Insurance companies should face the same kind of federal regulation as firms that sell stocks and bonds, Democrat Hillary Rodham Clinton said Monday as she outlined her health care plan to voters around a dining room table.
The patchwork of state regulation that insurers now operate under has allowed them to get away with offering meager health care policies and to move to states with more favorable rules, Clinton said. She said the federal government should regulate the companies more, though states still would be able to enact their own rules.
"We can't do this state by state," she said. "No state has the ability to get everyone in their state to get the insurance they need."
The Republican National Committee was quick to react to Clinton's remarks.
"If there's one thing voters can count on when it comes to Hillary Clinton's proposals, it's that she's always in favor of more Washington, D.C., regulation and bureaucracy," said Amber Wilkerson, an RNC spokeswoman.
With about two dozen reporters crammed in another room, Clinton outlined her universal health care plan, which would provide tax credits to make insurance more affordable and require businesses to offer insurance to workers or pay into a pool for people without it. The New York senator and presidential hopeful also would expand Medicare and the federal employees' health insurance plan to cover those without adequate workplace insurance.
Clinton's host was Judy Lanza, a nurse who said it was only because of her medical background that she noticed a $4,000 mistake in her husband's surgery bill last year. They fought the insurance company, she said, but she worries about others who wouldn't know where to turn.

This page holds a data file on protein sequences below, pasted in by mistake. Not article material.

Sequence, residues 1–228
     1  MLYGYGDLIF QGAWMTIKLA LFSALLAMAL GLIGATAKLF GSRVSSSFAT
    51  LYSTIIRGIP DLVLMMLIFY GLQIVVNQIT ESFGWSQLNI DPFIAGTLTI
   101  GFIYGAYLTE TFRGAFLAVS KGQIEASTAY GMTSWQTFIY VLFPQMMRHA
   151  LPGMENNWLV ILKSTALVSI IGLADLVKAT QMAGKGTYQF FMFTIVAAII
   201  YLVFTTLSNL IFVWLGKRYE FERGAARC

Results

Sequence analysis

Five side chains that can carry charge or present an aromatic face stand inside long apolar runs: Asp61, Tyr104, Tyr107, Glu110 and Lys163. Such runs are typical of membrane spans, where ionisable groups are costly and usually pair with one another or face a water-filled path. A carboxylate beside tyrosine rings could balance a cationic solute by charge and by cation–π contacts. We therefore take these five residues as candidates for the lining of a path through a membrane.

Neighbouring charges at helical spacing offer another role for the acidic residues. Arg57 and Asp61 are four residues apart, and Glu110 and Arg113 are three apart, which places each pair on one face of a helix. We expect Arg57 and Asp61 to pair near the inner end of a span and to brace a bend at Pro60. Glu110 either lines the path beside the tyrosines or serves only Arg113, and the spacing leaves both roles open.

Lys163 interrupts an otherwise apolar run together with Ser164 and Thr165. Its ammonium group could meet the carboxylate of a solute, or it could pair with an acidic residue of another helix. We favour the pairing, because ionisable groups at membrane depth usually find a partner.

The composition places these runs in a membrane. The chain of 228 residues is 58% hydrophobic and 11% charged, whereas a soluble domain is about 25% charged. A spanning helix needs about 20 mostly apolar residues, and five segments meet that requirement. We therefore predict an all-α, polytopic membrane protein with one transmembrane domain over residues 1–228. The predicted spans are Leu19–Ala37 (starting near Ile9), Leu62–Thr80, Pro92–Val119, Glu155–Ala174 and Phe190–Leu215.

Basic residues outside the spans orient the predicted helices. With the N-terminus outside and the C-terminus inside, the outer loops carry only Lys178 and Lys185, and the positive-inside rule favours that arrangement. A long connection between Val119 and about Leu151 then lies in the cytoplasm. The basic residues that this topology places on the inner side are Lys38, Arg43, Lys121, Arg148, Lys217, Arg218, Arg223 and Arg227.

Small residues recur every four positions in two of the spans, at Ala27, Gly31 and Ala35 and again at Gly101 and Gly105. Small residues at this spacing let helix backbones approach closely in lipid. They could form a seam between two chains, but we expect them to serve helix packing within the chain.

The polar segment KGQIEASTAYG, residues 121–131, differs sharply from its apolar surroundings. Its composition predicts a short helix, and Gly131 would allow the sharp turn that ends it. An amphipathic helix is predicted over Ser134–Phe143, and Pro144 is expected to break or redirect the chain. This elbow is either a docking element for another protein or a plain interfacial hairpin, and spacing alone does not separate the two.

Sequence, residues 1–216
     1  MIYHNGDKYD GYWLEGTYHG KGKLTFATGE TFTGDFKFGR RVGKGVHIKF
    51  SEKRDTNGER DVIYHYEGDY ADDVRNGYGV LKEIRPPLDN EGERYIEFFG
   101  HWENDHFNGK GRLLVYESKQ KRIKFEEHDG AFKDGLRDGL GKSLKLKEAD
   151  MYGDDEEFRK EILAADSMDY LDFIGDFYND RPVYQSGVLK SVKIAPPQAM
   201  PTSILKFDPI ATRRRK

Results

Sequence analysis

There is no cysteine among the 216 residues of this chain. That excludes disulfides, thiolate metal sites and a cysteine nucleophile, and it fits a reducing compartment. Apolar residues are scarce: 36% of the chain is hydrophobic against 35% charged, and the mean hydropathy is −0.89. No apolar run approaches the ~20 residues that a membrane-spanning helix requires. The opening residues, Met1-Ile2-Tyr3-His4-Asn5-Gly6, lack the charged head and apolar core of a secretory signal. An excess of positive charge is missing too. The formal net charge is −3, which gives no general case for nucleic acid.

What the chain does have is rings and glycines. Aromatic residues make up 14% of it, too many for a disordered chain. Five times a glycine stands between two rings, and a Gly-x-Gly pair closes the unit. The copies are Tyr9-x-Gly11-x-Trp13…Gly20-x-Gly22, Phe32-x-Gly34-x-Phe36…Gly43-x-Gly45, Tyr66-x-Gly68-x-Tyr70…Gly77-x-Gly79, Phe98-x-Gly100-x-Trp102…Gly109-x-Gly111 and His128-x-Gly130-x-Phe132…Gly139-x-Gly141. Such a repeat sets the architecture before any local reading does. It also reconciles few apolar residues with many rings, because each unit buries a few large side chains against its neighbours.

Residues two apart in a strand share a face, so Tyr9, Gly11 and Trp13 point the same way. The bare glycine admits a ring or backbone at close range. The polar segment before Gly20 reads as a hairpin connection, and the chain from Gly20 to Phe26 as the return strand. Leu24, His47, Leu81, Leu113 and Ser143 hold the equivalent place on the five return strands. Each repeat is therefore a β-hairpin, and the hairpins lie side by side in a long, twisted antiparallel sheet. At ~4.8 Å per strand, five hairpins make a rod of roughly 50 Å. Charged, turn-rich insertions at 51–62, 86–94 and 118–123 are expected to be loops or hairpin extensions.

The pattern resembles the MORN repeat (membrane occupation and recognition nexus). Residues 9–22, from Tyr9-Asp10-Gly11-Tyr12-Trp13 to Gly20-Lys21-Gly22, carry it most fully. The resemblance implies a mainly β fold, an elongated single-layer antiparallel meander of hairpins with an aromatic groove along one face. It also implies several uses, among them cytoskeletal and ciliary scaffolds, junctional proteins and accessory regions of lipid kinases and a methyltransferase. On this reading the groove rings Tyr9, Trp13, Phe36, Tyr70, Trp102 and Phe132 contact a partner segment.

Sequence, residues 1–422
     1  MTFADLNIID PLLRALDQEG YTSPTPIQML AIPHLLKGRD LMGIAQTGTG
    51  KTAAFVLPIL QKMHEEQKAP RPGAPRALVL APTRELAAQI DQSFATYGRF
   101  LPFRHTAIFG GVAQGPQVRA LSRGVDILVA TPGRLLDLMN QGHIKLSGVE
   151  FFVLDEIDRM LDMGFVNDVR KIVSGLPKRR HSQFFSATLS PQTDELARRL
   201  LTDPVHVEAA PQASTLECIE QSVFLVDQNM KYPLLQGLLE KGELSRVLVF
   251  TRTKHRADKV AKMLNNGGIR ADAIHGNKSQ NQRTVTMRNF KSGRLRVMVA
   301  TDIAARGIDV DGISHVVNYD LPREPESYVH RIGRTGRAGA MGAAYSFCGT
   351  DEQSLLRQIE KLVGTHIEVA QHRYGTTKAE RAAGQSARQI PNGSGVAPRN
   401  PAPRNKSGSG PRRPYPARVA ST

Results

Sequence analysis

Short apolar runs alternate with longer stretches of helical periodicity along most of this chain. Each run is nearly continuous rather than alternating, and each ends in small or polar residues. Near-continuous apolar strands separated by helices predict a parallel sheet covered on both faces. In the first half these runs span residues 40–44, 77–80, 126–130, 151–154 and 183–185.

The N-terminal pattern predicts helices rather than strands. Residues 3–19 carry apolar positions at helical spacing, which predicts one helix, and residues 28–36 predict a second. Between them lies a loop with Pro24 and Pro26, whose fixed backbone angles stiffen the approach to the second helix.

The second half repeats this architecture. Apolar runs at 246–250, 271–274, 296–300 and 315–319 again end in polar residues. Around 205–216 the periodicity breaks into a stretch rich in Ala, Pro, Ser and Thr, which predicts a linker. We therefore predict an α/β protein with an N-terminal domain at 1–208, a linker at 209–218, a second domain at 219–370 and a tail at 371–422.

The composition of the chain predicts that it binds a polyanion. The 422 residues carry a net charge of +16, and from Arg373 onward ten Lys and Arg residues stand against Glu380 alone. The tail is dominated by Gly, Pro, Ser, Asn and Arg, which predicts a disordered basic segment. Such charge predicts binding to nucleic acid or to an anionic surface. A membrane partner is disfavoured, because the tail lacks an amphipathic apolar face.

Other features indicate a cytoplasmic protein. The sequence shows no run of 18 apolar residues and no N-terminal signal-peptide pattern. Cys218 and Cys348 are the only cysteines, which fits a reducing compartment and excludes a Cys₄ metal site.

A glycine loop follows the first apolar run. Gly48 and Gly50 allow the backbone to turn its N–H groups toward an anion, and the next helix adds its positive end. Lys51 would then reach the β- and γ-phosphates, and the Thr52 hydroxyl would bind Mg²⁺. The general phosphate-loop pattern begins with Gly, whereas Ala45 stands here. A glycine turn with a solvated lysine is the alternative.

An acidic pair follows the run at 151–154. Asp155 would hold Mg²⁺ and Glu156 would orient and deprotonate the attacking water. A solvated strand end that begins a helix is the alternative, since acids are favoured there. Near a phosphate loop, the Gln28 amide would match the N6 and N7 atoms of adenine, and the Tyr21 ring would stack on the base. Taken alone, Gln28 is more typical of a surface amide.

"I feel bad for the people out there who have no health care background," she said.
Clinton repeated a statistic she cites often _ contending that insurance companies spend $50 billion a year figuring out ways to avoid paying claims.
"This is all part of their business model. This is how they make money, but it's so bad for the rest of us," she said. "I say to them, use the $50 billion to actually take care of people," she said.
Suzanne Blanchfield, a 59-year-old teacher who has diabetes, said she has good health insurance that reimburses her well for taking steps to prevent her disease from worsening. But she said she is concerned about losing that insurance when she retires.
"I'll have a pension, but a pension only goes so far," she said.
Clinton said Blanchfield's situation illustrates the need to ensure health insurance plans are portable rather than dependent on someone's job situation.
Earlier Monday, Clinton was endorsed by Dr. Susan Lynch, a pediatrician who is married to New Hampshire's Democratic governor.
Lynch, a childhood obesity activist, said Clinton's commitment to fighting for children and families help make her the best choice for Democrats and the country. Lynch will be a national co-chairwoman of Clinton's presidential campaign.
"I have personally gotten to know Hillary. As I watch and listen to her campaigning across New Hampshire, I see a candidate who has the right experience, commitment to bipartisanship and a passion to lead," she said, standing next to Clinton at a news conference in Concord.
Lynch works at Concord Hospital in a program to control cholesterol in children. In 2004, she was a member of "Doctors for Dean," which supported former Vermont Gov. Howard Dean for president.
A spokesman for Gov. John Lynch said the governor will remain neutral.